By Gerson Eleonora – Writer for Skempi.com, History Buff and an Aficionado of all things Caribbean
Well, you saw the title so let me just jump right in here: With Fidel Castro’s passing last November Cuba experienced a resurgence in news presence for a minute. Hate him or love him, you can’t deny that Castro put that island nation on the map. I mean, no disrespect to Ernesto Lecuona, Chano Pozo and the other world famous Cuban artists from the first half of the 20th century but, albeit in a polarizing manner, Fidel Castro took Cuba’s brand name on the global stage to a ubiquitous realm.
It was this strange mystique that had always pulled me to our somewhat taciturn Caribbean cousin to the north.
The Dominican Republic has long been on my list of islands in the Caribbean to visit. Instagram and YouTube only made that urge stronger, with gorgeous photos and videos of historical buildings in “La Zona Colonial”, beautiful waterfalls and sandy beaches.
One of the most fun days we had while in the Dominican Republic was definitely the day we went to explore Playa Salinas and the Dunes of Baní or Dunas de Calderas as it is also known.
The navigation system we rented with the car said it would be a 1.5 hours drive from Santo Domingo but taking the traffic into consideration and the fact that we got lost at least twice, regardless of our “trusted” navigation system, it ended up taking us more like 2.5 hours to finally find the dunes.
Today marks almost a week that I am back home, having visited a country I knew very little about initially, before I stepped foot out of the aircraft that landed at Las Americas Airport in Santo Domingo on August 14th. The 10 days I spent driving around the Dominican Republic’s busy and mostly chaotic highways, I got to see a lot of ugly but also some gorgeous parts of what I came to learn is a very diverse island.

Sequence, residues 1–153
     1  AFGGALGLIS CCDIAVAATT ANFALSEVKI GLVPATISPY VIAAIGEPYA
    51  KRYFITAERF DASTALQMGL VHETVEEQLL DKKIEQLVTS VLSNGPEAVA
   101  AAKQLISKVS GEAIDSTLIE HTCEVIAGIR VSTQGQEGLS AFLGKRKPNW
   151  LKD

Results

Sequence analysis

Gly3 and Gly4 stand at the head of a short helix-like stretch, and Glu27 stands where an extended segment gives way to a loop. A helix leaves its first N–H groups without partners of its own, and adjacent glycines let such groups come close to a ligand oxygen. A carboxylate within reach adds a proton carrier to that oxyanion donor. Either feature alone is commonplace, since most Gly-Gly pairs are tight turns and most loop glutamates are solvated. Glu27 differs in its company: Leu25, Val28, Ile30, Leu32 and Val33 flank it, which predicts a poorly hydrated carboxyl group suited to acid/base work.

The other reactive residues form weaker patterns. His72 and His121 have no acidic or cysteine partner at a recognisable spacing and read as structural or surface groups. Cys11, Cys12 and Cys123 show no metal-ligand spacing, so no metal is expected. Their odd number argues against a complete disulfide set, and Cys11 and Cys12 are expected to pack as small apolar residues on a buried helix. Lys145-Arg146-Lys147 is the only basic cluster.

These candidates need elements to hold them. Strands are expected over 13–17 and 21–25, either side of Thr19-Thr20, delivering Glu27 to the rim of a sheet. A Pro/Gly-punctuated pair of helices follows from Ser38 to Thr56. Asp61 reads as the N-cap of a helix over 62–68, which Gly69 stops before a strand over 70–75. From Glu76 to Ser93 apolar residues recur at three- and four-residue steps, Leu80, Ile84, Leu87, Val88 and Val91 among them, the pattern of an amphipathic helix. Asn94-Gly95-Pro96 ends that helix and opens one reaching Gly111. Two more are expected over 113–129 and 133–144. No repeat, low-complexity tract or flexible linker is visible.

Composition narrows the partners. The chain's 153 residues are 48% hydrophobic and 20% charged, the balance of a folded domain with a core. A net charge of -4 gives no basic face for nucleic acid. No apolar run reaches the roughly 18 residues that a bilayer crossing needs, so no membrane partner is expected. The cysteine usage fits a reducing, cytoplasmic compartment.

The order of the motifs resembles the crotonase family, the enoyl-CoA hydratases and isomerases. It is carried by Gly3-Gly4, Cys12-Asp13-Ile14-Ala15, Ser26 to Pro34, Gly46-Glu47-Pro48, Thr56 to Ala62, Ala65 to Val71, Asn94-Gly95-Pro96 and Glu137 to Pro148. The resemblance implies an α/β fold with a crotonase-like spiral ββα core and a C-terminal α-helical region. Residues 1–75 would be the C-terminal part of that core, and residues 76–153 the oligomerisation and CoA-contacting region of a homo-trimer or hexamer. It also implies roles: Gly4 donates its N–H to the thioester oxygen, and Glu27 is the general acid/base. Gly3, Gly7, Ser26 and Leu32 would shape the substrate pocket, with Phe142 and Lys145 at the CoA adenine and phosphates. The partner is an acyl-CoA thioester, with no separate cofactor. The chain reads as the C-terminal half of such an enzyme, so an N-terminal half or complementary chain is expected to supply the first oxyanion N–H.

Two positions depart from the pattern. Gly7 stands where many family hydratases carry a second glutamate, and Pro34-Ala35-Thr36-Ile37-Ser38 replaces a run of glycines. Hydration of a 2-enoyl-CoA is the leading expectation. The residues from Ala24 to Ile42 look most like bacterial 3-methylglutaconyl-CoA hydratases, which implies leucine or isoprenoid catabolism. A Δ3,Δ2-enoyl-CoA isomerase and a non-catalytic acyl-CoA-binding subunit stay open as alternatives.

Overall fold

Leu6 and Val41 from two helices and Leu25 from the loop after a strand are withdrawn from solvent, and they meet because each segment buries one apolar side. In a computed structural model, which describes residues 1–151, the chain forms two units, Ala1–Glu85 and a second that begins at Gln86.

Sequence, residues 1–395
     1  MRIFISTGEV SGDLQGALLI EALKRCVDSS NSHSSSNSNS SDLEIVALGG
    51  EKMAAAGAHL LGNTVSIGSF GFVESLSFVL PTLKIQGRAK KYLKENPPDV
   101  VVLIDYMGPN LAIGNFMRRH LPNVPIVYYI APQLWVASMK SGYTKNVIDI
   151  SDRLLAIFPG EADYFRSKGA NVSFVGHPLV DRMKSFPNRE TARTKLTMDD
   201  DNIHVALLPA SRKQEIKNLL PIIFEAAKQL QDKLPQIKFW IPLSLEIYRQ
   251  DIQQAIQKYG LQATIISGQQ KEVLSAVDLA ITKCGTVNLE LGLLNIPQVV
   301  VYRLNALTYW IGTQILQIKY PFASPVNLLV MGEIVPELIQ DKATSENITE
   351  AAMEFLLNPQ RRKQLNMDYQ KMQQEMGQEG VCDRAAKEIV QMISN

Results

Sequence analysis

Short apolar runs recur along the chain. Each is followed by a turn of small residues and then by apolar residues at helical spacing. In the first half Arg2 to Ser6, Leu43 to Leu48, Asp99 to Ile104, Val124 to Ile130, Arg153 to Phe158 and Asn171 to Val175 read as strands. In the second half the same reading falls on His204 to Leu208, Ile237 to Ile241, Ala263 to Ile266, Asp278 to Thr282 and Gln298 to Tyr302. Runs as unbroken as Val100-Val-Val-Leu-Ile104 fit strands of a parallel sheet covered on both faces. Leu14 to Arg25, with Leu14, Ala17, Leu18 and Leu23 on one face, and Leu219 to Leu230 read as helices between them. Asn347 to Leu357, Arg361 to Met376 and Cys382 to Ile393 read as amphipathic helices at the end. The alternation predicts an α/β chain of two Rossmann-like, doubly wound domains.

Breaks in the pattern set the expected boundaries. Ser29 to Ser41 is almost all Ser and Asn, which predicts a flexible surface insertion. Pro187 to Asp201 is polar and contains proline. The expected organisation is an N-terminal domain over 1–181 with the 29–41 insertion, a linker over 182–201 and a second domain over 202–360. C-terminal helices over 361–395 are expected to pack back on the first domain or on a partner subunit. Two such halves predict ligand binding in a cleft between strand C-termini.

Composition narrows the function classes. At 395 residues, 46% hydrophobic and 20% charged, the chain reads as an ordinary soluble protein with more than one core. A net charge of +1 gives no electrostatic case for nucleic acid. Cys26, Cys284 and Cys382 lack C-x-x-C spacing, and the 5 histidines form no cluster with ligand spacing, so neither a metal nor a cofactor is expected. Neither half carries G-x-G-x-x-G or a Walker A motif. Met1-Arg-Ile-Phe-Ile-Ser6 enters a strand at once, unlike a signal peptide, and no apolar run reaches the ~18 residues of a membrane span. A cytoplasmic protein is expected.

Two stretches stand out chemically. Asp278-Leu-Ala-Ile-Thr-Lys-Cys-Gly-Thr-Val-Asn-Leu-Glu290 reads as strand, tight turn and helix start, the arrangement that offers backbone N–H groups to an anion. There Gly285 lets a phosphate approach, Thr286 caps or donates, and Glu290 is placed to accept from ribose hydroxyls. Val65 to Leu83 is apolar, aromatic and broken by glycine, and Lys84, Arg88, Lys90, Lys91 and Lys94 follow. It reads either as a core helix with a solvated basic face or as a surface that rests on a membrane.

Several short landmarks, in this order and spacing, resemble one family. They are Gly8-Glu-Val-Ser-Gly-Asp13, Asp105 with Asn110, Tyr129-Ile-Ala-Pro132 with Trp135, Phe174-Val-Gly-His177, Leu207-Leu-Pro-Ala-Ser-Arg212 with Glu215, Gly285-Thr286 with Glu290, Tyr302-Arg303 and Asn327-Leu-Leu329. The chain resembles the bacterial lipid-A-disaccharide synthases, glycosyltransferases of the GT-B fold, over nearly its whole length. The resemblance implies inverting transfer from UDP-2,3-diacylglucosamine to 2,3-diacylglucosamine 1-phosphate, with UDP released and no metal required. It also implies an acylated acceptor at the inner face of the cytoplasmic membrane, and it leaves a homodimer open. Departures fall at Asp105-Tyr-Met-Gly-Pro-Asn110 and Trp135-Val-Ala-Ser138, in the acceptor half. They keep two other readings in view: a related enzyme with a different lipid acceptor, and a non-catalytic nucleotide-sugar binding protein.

I wasn’t quite sure where to start and what to write about first. My experiences were so many and I even learned a thing or two about myself on this particular trip. So I’ve decided to start with one of the most magical days in the DR. The day I finally hiked up to a waterfall.
August Monday: a day full of bikinis, barbecue smoke, unaccepted behavior and copious quantity of booze. In my opinion the name should be officially changed to “Day of the Excesses” but that’s just me.
Anguilla’s carnival takes place every year in the last week of July and first week of August and every first Monday of August the island’s “Jouvert” (which is what I can only describe as a parade of debauchery) ends on the beach of Sandy Ground with one big bash, complete with live music on a large stage and barbecue grills everywhere. People from neighboring St. Maarten long ago claimed August Monday as their preferred party for the summer and half of the island invades Anguilla in boats of all shapes and sizes. From politicians to desk clerks, young and old St. Maarteners will make sure to take this Monday off work to party on Anguilla’s Sandy Ground beach.
Happy Bastille Day! The 14th of July or Le Quatorze Juillet is a pivotal part of the French Revolution and thus French history that has developed into the Fête Nationale Francaise or the French National Day. It is celebrated with military parades, various activities, lots of food and gorgeous fireworks displays in Paris and all over France, and the French territories in the Caribbean are no exception.
This was my first Bastille Day celebration on French St. Martin. I am usually away around this time of year but was quite excited to finally be home to witness the activities and document how this day is celebrated the creole way.